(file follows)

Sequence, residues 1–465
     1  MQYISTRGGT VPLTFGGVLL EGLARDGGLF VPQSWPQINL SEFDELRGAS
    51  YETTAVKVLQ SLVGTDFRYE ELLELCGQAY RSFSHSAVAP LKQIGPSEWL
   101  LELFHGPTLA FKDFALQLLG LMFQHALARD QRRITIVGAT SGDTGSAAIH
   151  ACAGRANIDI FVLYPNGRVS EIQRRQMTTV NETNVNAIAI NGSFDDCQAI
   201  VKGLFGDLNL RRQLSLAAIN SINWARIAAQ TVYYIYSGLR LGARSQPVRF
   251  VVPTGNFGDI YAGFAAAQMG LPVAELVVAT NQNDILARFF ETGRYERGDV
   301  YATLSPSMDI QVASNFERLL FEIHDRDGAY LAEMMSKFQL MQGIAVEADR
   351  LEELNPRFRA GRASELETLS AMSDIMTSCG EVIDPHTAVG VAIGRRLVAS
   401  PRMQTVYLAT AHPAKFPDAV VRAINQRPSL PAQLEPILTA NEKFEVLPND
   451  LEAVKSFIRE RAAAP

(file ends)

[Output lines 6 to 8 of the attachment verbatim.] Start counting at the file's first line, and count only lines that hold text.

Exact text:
   201  VKGLFGDLNL RRQLSLAAIN SINWARIAAQ TVYYIYSGLR LGARSQPVRF
   251  VVPTGNFGDI YAGFAAAQMG LPVAELVVAT NQNDILARFF ETGRYERGDV
   301  YATLSPSMDI QVASNFERLL FEIHDRDGAY LAEMMSKFQL MQGIAVEADR